Nozzle the Mozzies Asher Jintoorkar, c3241881@uon.edu.au Team lead 0416429338 Jian Chen jchen17@uon.edu.au Team member 0415204225 Yvonne Zhang c3297866@uon.edu.au 0431013678 Alex Grabham c3305258@uon.edu.au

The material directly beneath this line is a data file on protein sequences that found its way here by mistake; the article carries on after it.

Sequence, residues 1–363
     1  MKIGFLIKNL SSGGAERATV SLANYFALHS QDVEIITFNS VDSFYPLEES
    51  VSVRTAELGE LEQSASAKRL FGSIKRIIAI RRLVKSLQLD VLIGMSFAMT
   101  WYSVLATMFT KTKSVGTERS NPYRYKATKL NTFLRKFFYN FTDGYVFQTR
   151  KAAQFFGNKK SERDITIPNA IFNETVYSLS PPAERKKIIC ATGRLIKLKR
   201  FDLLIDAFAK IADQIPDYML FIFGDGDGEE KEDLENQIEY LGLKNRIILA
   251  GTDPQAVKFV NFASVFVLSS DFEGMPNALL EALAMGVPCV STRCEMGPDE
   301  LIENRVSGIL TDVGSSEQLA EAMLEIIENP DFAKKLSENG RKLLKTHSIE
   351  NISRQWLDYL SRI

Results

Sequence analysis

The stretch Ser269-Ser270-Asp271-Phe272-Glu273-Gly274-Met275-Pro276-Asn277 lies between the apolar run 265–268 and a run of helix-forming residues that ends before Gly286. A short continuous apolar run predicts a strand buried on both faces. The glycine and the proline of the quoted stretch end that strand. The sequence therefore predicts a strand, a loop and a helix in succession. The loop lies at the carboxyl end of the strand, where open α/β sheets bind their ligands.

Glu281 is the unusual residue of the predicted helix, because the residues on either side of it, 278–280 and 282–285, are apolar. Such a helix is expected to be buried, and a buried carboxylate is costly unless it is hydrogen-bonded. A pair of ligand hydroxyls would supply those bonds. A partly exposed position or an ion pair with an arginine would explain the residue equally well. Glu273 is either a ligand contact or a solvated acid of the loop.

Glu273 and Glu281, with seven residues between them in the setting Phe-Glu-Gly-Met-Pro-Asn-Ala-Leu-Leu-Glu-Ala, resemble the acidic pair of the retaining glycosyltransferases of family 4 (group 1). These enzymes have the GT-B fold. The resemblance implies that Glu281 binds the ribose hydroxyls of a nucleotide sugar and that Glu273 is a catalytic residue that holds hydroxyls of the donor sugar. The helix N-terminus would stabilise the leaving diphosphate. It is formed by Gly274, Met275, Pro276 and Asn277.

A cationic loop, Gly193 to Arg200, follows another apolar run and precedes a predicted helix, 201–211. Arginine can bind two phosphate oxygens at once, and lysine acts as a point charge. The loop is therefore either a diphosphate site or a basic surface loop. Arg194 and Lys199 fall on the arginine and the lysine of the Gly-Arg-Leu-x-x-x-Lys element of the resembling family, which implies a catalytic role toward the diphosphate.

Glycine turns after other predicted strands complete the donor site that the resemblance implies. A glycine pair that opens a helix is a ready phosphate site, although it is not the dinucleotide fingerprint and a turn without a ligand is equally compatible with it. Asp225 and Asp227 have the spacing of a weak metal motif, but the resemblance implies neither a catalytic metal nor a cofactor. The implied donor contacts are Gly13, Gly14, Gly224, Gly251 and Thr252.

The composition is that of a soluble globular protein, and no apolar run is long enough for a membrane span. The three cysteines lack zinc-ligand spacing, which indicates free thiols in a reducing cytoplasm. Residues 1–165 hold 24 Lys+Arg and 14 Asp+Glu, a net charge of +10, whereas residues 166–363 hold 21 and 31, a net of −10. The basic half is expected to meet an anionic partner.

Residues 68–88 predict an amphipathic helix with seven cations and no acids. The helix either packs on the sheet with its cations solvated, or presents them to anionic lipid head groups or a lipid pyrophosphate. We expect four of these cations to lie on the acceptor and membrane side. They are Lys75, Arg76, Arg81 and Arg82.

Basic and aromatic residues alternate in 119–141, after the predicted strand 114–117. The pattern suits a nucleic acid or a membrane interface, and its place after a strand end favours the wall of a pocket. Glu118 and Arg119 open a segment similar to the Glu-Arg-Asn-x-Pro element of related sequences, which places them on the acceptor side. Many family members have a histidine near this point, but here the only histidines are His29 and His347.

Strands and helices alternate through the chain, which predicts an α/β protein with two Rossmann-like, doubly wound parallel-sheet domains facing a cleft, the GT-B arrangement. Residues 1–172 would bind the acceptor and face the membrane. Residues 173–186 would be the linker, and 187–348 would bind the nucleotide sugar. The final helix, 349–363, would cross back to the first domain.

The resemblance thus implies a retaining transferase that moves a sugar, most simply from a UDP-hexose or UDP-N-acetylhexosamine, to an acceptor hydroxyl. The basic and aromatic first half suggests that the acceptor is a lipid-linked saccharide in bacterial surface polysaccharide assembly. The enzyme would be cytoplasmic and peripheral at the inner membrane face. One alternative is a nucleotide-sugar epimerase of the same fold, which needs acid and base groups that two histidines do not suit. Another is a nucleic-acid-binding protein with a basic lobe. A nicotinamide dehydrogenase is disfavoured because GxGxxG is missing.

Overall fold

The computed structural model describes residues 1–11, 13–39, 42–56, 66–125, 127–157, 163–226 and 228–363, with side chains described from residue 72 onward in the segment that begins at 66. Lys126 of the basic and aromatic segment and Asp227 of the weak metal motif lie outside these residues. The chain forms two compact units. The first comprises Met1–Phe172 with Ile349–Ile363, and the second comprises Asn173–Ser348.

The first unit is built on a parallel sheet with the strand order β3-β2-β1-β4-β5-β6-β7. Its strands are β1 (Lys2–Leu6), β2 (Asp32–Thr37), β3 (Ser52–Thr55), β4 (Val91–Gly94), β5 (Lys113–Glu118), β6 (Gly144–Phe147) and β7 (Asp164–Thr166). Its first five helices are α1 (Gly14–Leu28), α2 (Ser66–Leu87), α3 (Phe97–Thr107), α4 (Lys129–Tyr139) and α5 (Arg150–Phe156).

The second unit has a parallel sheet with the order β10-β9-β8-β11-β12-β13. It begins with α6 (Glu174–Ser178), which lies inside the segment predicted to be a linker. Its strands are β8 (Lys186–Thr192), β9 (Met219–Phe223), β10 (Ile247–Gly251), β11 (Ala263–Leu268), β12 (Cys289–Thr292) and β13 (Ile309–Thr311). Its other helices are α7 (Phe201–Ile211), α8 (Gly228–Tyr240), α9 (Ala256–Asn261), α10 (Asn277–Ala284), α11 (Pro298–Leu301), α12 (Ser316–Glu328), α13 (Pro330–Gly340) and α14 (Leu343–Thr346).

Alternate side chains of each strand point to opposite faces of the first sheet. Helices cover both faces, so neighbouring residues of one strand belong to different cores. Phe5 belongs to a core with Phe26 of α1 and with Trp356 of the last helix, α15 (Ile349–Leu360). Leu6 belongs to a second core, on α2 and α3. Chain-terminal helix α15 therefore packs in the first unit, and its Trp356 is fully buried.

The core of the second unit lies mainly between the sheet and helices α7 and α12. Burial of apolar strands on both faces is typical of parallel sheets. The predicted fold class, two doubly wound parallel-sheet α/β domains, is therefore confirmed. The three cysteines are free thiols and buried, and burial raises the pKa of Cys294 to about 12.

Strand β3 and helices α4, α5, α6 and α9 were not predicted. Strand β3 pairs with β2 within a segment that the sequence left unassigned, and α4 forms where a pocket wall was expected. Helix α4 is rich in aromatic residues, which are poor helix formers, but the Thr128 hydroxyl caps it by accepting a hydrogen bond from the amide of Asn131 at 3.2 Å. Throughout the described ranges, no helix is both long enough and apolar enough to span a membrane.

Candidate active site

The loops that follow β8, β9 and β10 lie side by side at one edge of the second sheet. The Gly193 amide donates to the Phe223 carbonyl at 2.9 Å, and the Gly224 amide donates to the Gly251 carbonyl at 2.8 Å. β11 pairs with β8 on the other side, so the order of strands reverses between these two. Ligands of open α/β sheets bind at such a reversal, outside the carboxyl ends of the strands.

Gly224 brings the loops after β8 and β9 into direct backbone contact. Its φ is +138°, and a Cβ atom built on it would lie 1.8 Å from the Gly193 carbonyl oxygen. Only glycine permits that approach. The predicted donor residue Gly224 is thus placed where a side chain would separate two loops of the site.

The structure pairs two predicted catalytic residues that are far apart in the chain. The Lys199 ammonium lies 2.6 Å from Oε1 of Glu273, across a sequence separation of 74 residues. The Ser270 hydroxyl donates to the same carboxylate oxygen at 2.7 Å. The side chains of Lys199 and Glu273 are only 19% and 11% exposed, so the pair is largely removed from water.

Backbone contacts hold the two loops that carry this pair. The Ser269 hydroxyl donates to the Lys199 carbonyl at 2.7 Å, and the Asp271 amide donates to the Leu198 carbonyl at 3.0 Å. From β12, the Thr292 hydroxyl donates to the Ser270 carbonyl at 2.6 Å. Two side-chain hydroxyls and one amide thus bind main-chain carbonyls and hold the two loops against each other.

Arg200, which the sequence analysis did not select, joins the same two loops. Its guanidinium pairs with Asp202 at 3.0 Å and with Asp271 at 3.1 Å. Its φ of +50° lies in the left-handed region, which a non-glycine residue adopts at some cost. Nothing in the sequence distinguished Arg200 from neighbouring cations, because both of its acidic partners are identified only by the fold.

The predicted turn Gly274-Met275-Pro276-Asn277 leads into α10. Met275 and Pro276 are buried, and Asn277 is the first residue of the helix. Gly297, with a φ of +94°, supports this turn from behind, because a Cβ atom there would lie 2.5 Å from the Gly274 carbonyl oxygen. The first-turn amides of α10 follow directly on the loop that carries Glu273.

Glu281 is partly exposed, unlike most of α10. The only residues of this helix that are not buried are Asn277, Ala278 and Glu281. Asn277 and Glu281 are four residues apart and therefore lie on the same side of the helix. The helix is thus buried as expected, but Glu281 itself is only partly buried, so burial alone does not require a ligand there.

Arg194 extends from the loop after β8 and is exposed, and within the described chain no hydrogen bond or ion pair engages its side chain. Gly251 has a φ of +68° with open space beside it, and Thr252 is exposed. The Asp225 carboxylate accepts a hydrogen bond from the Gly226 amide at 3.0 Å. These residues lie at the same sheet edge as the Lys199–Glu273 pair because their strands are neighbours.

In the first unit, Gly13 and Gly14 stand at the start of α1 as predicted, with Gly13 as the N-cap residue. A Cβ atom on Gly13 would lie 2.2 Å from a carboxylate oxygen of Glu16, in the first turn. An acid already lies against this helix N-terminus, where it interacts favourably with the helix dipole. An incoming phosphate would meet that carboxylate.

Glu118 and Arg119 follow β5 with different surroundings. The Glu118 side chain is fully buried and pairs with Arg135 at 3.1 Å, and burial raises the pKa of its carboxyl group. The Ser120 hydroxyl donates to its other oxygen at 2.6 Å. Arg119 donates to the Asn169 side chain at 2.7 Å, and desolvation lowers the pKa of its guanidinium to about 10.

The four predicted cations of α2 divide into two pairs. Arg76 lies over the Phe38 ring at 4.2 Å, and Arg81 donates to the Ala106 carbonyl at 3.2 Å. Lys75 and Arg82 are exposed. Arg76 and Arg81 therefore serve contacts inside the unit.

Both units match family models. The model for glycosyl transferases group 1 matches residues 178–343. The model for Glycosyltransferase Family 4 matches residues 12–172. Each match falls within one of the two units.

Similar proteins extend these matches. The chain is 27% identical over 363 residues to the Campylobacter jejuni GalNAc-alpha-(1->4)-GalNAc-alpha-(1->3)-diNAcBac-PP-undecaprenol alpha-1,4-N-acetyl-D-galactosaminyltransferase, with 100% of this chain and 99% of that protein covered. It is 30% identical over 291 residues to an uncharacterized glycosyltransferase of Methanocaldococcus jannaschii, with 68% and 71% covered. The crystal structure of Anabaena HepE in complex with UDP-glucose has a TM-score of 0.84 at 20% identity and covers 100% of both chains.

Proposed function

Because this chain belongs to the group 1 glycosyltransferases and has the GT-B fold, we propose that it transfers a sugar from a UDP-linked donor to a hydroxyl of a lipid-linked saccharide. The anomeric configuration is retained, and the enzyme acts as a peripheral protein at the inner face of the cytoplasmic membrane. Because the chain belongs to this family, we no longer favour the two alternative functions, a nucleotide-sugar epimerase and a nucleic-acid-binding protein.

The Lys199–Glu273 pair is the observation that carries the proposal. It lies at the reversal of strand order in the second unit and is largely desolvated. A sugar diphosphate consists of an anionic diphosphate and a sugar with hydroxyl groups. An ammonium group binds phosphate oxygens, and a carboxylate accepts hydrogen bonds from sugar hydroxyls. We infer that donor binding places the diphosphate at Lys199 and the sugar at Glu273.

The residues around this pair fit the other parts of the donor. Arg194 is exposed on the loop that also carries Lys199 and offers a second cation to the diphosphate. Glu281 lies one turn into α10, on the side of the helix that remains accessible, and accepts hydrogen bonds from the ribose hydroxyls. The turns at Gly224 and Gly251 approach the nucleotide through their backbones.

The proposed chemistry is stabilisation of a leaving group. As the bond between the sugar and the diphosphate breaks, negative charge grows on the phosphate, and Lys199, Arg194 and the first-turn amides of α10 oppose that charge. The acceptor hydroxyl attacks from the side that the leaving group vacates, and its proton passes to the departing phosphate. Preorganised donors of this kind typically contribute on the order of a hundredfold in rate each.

The problem that my team is seeking to solve is the spread of disease via mosquitoes and the general irritation that goes along with mosquitoes. The main solution that my team has come up with to solve this problem is a multidisciplinary solution. We will combine the talent, strength weaknesses of all of us to come up with a grand solution to a grand challenge. We will use the ideas from Biology, Chemistry, Physics, Computer Science and applied Mathematics to come up with a way to localised the solution to getting rid of mosquitoes. We cannot simply kill all the mosquitoes at Callaghan campus. The way we will use computer science, applied mathematics and Statistics is by using clever AI video systems. If we place these cameras in places where we know there is a abundant amount people walking through then we can analyse what these people are doing. This camera will pick up the mannerism and actions of the people and hopefully what it will show us is the places on campus where people are wacking themselves or waving there hands in the air to get rid of mosquitoes. This will then allow us to utilise our limited resources to the maximum benefit. By being able to know where there are great numbers of mosquitoes based on peoples action ie (wacking themselves to get rid of the mosquitoes) we can place flytraps and mosquito zappers in these areas. These devices can then be powered via solar cells, perhaps we could use the solar cells developed by the centre for organic electronics. We can also place these solar cells to power these machines on the most optimal places by getting a solar quote. Therefore we limit the ongoing cost of there localised solutions. At these places where we have found that there is the greatest number of mosquitoes based on people wacking themselves we can also place Aeroguard and signs to encourage people to wear long sleeve clothing and to avoid certain areas. Now our biological solution is to go to the source of the mosquito, zap traps should be placed near the creek where the main source of mosquitoes come from in such a way that stops them from coming on to campus if possible this can then be done in a sustainable way by powering the zap traps again by using solar energy and we can also use battery storage for all this technology so that any excess energy is put back into the system. The AI technology relies on using iCetana which is a camera that uses AI video analytics for automatic real time critical event detection. By using this technology we can set up/replace all camera on campus and install more and then use this technology to detect people wacking themselves due to being bitten by flies. In the areas we find that people are being bitten the most we can put the most resources towards. By using statistics we can find the following, at what time are there the most amount of people walking through say a particular thoroughfare and at what time do we see the most amount of people being bitten. Therefore this would allow us to use the zap traps power by the centre for organic electronics solar cells at the time when they are most needed. This would also tell us where to place free bottles of Aeroguard where people will most need it/use it. This will mean we can make the most use of our very limited resources. So the first experiment will be using the iCetena camera and setting it up in a heavily used thoroughfare record the number of student walking past and how many times such students are attacked by Mozzies, using this data we have collected we can then decide on how to set up our prevention method. If we know statistically where the Mozzies are flying from to get to the thoroughfare we can then use zap traps to block there entry and set up Aeroguard stands at a place where all people will be able to readily access it. We can also then set up our COE powered solar cells and buy solar batteries to make these zaptraps/flytraps sustainable. If we are successful with this prevention method in this particular thoroughfare then we will then role out these cameras and prevention methods to the whole campus. This funding would be used to buy the cameras and solar batteries, the solar panels could be supplied by the COE and the Aeroguard could be supplied by the University. In our experiment where we have identified an area where there is alot of Mosquitoes via the iCetena cameras we can also set up Mortein coils and using fans to blow the this scent in the direction of the mozzies. This would then be another cost. I believe this would all be under $5,000 dollars and if we contacted iCetena and told them of our plan to retrograde there cameras for a new use I think they would be happy to work with us free of charge and perhaps they would actually provide assistance. So our testing phase will allow us to know if this technique will work or not. If we can indeed have a targeted localised solution to areas we actually detect people being bitten by mozzies using AI technology, we can also then place these cameras near the nest of the mozzies and discern where people are being bitten through the cameras. Then we can use the prevention methods as listed before and power them using solar power from the COE and battery storage perhaps say from Elon Musk and none of this would cost much money because perhaps they would like to see if this is actually practicals otherwise it will be a very limited cost under $5000. This is unconventional because we are using AI technology to tell us the areas people are actually being bitten to and then using applied maths, comp sci and stats to tell us the optimal places where we should place prevention methods as listed before.

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